Nyala: Yes, all the guys were based on men with whom I went on dates! When I create characters, I try to ground them in real-life people I've met and known to keep them from being too much of a caricature. Some of the more memorable guys I've been on dates with, I try to write them down in a Google doc because, at first, I was thinking about writing a book about my dating experiences as a trans woman in New York City. But I am not much of a novelist!
David: This film uses humor, and occasionally quite dark humor to explore the experience of trans dating. It’s quite a contrast with your earlier film One Last Deal, which is a tense, hard-hitting drama. Do you prefer comedy or drama, and are there any major differences in the creative process that goes into making one or the other?
Nyala: I prefer both, but I have been more so aligned with comedy with my latest project and the projects that I have in development because I feel like, for such a long time, trans people, particularly trans women, have been the butt of the joke. And we haven't had a voice in that genre, or any other, to be honest. I wanted to be a counter-culture to that establishment. Don't get me wrong; I appreciate drama. Still, I think comedy is powerful because it gets people's guard down and allows the audience to relate to the person on screen more intimately—especially marginalized and politized groups like the trans community. So, for example, suppose you look at the history of TV and cinema with civil rights and public perception. Acceptance increases when people of those marginalized groups get to tell their own stories, or someone approaches them with honesty and compassion. Look at Noah's Arcs, the L Word, or even more recently, POSE. Those shows shifted a generation's views on queer people. However, in a comedy about trans people, there is still a lot of work to do, and I am rolling up my sleeves!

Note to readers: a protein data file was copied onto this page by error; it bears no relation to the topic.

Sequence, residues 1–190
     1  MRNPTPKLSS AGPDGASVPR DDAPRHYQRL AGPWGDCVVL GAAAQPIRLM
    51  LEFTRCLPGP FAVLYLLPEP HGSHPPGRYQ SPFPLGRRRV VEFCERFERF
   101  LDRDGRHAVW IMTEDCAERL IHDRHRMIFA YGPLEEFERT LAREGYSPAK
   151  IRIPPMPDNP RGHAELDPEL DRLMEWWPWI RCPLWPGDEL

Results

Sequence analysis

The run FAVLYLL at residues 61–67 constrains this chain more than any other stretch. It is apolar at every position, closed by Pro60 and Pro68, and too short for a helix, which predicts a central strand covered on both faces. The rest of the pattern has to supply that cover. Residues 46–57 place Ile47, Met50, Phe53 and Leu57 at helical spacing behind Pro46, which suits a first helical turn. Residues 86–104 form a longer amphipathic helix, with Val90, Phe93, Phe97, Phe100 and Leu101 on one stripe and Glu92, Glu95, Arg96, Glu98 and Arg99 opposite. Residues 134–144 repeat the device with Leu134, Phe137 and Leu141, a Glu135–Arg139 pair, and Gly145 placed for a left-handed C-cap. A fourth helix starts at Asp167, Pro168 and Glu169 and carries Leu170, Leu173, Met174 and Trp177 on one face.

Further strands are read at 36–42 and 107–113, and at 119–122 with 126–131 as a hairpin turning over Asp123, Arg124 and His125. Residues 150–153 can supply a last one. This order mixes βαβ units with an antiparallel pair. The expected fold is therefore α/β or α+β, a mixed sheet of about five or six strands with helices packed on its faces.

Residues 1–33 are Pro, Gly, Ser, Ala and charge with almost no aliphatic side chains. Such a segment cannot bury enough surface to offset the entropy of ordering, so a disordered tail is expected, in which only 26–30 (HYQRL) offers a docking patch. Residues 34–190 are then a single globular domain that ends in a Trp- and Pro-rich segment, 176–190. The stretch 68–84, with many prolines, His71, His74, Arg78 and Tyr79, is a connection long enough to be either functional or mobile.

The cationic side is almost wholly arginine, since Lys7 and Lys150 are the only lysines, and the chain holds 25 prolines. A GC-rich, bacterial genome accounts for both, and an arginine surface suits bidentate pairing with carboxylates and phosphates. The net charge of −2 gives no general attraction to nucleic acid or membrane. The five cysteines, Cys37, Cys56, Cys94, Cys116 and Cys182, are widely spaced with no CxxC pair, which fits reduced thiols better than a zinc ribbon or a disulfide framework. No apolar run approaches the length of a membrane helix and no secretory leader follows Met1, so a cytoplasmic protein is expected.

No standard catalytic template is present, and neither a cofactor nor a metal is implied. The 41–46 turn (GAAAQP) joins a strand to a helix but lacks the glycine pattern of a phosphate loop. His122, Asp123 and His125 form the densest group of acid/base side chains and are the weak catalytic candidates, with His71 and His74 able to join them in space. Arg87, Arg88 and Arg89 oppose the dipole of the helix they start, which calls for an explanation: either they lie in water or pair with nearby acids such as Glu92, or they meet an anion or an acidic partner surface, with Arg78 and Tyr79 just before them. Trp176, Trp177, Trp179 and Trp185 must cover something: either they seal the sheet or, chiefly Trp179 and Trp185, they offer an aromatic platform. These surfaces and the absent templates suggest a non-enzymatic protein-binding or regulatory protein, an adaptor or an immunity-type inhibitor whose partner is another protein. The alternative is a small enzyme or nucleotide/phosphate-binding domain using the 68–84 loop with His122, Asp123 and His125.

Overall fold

I love and appreciate my thesis from One Last Deal, but I do kind of wish I made it more of a dramedy. I think they both are similar in the creative process in some ways, but when I read comedy, it seems more cathartic than reliving traumatic experiences. Even though like in how not to date, it's some traumatic stuff happening, focusing on the pain and the humor in those experiences helps me get over them, and I feel like it helps my audience connect to it. Plus, it's also entertaining to do a comedy scene and see that my crew and cast are also having fun watching the performance, and it just ups the morale on set. Laughter is good for the soul!
David: Who are your filmmaking heroes?
Nyala: Spike Lee, Barry Jenkins, Euzhan Place, Chloe Zhou, Wong Kar Wi, Sean Baker, Ava DuVernay, Dee Rees, Tina Mabry, Sophia Coppola, and the Wachowski sisters, to name a few!
David: Are you working on anything exciting at the moment?
Nyala: Yeah, I am. There are a couple of things in the pipeline! A few months ago, I got a grant from Netflix and NewFest, and I was able to make another short film which I am nervous about, but also really excited about. It's called Dilating for Maximum Results, and it's a fun, irreverent comedy about a trans woman who decides to hook up with a guy IRL after not dilating for four years, and wackiness ensues. That film is already in post-production, so it's just about done in the oven. I also got a grant from GLAAD, and I am developing another comedy short, hoping to go into pre-production pretty soon. All of the comedy short films I am making are connected in a cinematic universe about the life of a modern trans woman, starting from How Not To Date While Trans.
How Not to Date While Trans will be screened as part of Programme 6 : Trans Tales